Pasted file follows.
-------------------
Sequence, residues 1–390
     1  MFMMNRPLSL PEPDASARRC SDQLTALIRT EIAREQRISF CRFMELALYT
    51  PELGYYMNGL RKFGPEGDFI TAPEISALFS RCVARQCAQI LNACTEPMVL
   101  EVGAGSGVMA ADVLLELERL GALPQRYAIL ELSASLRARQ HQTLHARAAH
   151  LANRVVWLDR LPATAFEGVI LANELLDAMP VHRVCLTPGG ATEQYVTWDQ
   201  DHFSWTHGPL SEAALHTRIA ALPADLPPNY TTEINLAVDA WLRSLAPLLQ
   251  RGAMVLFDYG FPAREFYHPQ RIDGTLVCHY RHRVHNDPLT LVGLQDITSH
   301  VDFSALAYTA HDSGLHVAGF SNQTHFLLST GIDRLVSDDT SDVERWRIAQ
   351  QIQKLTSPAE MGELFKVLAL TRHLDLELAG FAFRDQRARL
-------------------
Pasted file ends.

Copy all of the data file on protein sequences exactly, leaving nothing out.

Sequence, residues 1–390
     1  MFMMNRPLSL PEPDASARRC SDQLTALIRT EIAREQRISF CRFMELALYT
    51  PELGYYMNGL RKFGPEGDFI TAPEISALFS RCVARQCAQI LNACTEPMVL
   101  EVGAGSGVMA ADVLLELERL GALPQRYAIL ELSASLRARQ HQTLHARAAH
   151  LANRVVWLDR LPATAFEGVI LANELLDAMP VHRVCLTPGG ATEQYVTWDQ
   201  DHFSWTHGPL SEAALHTRIA ALPADLPPNY TTEINLAVDA WLRSLAPLLQ
   251  RGAMVLFDYG FPAREFYHPQ RIDGTLVCHY RHRVHNDPLT LVGLQDITSH
   301  VDFSALAYTA HDSGLHVAGF SNQTHFLLST GIDRLVSDDT SDVERWRIAQ
   351  QIQKLTSPAE MGELFKVLAL TRHLDLELAG FAFRDQRARL